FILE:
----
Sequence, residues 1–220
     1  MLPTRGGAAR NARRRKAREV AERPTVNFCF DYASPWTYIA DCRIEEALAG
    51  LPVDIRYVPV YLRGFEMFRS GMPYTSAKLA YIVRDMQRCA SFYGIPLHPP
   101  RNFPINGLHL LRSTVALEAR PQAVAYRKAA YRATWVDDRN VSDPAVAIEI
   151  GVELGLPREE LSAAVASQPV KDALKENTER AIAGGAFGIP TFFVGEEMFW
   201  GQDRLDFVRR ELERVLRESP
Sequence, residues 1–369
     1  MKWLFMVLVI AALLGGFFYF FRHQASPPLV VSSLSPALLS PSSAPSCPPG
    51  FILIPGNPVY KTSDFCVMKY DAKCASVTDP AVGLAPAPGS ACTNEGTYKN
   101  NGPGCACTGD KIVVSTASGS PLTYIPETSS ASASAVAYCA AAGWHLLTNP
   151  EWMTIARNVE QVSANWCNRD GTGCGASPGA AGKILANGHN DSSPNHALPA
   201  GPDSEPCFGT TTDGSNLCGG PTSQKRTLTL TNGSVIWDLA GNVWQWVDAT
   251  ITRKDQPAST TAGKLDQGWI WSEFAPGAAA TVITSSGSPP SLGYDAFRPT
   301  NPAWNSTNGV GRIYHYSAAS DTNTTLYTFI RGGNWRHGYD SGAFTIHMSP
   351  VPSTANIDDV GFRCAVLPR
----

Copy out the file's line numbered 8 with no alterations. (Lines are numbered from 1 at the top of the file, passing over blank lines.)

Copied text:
     1  MKWLFMVLVI AALLGGFFYF FRHQASPPLV VSSLSPALLS PSSAPSCPPG